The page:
The ancient Christians were so entirely persuaded of the force of our, Saviour's prophecies and of the punishment which the Jews had drawn upon themselves, & upon their children : for the treatment which the Messiah had received at their bands, that they did not doubt they would always remain an abandoned & dispersed people, & hissing and an astonishment amongst the nations, as they are to this day. In short, that they had lost their peculiarity of being God's people, which was now transferred to the body of Christians, and which preserved the church of Christ amongst all the conflicts, difficulties, and persecutions in which it was engaged, as it had preserved the Jewish government and economy for so many'ages, whilst it had the same truth and vital principle in it, notwithstanding it was so frequently in danger of being utterly abolished and destroyed. Origen, in his fourth book against Celsus, mentioning their being cast out of Jero"salem, to which their worship was annexed, deprived of their temple and sacrifice, their religious rites and solemnities, and scatterd over the face of
Nehemiah H. Fitch.
Abel Hyde Jacob Hazen Eben. Hartshoro.
Submit Lyman Cyrus Woodruff Susan E. Seymour
Doct. Mather Elizabeth Burr Sally McCombs
Saunders Julia Phelps Mehit. Wadsworth Theodore Hillyer
Lucy Caulkins Jared Searborough
Wm. Trowbridge Jebial Jobason Benjamin Tuel
NORWICH. Theophilus Yaie Solomon Williams Nath. Herrick,je. Job De Witë Éras. Wentworth James J. Hyde Eliphalet Carew Ephraim Harris John Pendleton Sally Carew Sim. Hantington Eben. W. Tobey Elizabeth Willard Thomas L. ThomasPhilemon Havens Chas. F.Herrington Eliab Hyde Eliphalet Baldwin Jähn Hyde William Bebee Sarah Hyde Elisha Tracy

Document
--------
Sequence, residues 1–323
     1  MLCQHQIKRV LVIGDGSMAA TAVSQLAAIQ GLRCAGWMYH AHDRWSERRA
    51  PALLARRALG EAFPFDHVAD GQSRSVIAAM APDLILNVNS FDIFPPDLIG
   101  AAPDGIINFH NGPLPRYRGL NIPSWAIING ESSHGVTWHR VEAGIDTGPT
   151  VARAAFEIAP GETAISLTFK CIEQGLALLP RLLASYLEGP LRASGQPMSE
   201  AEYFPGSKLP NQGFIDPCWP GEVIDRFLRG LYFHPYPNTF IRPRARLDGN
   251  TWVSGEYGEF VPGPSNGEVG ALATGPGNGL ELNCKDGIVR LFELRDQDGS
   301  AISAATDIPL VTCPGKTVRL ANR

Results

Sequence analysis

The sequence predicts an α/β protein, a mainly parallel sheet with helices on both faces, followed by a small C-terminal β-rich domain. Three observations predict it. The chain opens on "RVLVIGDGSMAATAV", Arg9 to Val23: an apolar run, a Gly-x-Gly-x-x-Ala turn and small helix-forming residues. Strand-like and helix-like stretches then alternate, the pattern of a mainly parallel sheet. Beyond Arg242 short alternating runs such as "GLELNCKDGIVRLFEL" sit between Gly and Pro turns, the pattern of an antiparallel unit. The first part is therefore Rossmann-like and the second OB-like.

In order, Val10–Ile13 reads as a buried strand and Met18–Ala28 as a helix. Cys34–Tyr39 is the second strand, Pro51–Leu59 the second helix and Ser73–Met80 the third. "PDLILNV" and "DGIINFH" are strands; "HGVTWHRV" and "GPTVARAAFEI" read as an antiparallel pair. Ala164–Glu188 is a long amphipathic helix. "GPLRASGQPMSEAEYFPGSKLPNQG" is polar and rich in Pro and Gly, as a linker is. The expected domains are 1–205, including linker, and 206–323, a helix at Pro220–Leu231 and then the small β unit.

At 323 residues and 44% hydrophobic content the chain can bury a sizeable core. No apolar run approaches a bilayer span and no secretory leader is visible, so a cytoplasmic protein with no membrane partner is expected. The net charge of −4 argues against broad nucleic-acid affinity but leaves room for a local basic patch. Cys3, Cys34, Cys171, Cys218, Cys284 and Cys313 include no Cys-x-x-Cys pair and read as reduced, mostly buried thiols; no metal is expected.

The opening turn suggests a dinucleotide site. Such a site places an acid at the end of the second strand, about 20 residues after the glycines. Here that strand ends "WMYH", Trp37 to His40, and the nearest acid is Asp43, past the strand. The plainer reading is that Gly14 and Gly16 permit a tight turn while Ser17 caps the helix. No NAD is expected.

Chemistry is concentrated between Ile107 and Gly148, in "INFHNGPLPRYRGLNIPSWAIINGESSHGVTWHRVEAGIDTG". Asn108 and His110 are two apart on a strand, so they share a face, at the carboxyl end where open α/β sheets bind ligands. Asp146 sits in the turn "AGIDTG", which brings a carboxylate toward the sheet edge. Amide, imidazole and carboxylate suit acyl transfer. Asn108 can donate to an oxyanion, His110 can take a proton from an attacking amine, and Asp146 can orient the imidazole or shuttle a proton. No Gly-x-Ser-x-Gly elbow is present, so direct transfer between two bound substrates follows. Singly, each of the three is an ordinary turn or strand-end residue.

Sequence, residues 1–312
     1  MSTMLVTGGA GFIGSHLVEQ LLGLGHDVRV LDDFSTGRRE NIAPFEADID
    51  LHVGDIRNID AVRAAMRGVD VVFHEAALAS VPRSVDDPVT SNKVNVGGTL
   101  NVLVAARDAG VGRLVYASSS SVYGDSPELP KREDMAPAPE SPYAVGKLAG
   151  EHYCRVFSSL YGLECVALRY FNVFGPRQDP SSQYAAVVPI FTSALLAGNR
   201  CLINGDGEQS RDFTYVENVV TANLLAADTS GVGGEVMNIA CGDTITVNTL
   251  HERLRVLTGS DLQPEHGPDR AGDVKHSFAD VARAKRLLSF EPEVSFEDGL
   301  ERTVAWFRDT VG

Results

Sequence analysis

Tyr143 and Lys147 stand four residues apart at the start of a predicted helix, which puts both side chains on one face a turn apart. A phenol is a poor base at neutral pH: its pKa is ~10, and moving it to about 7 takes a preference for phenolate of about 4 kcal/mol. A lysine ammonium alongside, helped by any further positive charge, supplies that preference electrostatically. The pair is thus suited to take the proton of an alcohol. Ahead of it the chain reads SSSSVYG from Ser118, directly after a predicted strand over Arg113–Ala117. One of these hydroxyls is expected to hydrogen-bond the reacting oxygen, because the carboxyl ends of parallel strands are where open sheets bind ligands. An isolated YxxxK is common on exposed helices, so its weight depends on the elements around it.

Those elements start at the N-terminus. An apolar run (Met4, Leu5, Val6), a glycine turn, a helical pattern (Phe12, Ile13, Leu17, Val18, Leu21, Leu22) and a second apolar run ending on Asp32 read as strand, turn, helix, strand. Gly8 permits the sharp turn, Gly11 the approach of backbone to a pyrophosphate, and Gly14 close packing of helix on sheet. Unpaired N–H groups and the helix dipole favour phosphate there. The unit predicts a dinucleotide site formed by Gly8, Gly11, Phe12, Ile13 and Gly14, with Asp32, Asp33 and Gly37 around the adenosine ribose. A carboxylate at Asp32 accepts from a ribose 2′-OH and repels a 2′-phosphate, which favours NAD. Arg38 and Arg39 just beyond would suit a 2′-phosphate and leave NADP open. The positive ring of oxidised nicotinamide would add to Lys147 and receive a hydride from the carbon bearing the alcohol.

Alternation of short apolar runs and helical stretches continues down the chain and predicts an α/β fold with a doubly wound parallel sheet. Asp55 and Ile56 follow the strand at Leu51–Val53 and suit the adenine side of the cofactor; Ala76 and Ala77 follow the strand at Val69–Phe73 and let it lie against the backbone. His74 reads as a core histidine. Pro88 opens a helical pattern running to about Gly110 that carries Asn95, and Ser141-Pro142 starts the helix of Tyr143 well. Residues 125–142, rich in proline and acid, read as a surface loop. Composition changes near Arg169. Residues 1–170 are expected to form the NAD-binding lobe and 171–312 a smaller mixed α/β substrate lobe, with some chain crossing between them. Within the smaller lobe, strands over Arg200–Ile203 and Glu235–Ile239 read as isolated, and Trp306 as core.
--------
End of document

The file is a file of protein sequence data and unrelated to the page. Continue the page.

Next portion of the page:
Giles Lhomedien Dewey Brumbley Ebenezer Hydejr. Thos. H. Bushnell William Callyhan Mary Hill David Gilson Samuel Manning David N. Bentley Eliab Rogers Samuel Ripley Marie Brewster Joseph Chester Joshua Maples Mary: 1. Rogers.' Sally Hatch.
NEW.LONDON Peter Richards R. W. Parkin Nancy Maniere Richard Douglass Nathaniel Ledyard Lucy Douglass Mary
Penniman George Chapman Stephen Peck" Joha Ferguson, jr. Ann Frink Elizabeth Hurlbul Susan F. Fox Ralph Stoddard." "Bridget Barber Daniel Starra dów - William William's Thomas Williams.
jt. Rebecca Atwater Eli Barnes
Bartlett S. V. D. Shatlock William Peck han William Fitch Elika Sanford Elizabeth Harriso e Jacob Wall Sherman Blair William Walter John Mix Freeman Bassett Joba Davis.
PROVIDÊNCE, (R. I.)
John Spelmon D. Willard
Sarah Brown Harvey Scott
Eliza Arnold Nicholas Dami 0. S. Thayer
Joseph Paller Benjamin Hebbard Louisa Thornton Stephen-Jackson William Hunter S. G. Arold 2Nancy Mason Knight Dexter John R. Peck
Thoräton N. Macomber Sally C. Dodge James M. Pike
Joseph Allen Charles Spencer George Spafford
Sanford Kingsbury Dan Lincoln Sally Spafford Nathaniel Howes William Morgan Joseph D. Fitch Elijab Bibbins Calvin Backus Eunice Stoddard Festus Reed Lucy Bingham Dillicena Millard Charlotte Mainard Thomas Bingham Jesse Abbe Charles Beckwith Ebenezer Ballard John Cary Clark Burnett. Horatio Webb 185